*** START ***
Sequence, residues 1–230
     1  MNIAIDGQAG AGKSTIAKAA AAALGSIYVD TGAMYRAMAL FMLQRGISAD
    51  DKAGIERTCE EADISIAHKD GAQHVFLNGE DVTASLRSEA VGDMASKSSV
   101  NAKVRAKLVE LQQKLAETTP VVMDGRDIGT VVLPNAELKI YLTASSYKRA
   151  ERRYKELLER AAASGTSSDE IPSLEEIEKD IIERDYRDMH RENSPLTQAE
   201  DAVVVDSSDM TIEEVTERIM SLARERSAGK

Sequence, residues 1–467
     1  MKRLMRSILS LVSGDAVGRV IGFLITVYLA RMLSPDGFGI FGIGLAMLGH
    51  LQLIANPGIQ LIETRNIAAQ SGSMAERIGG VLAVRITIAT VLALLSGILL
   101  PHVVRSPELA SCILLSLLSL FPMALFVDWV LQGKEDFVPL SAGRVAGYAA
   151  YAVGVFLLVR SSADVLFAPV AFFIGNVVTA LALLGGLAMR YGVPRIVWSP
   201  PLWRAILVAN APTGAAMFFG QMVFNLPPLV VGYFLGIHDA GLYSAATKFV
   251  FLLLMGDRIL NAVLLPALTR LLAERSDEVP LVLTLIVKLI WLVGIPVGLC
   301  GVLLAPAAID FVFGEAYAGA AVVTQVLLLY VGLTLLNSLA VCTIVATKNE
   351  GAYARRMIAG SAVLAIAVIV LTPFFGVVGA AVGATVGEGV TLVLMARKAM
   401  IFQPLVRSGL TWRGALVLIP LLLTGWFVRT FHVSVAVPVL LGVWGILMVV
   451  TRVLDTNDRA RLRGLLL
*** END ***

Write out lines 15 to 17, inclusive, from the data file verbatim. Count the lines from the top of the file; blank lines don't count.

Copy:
   351  GAYARRMIAG SAVLAIAVIV LTPFFGVVGA AVGATVGEGV TLVLMARKAM
   401  IFQPLVRSGL TWRGALVLIP LLLTGWFVRT FHVSVAVPVL LGVWGILMVV
   451  TRVLDTNDRA RLRGLLL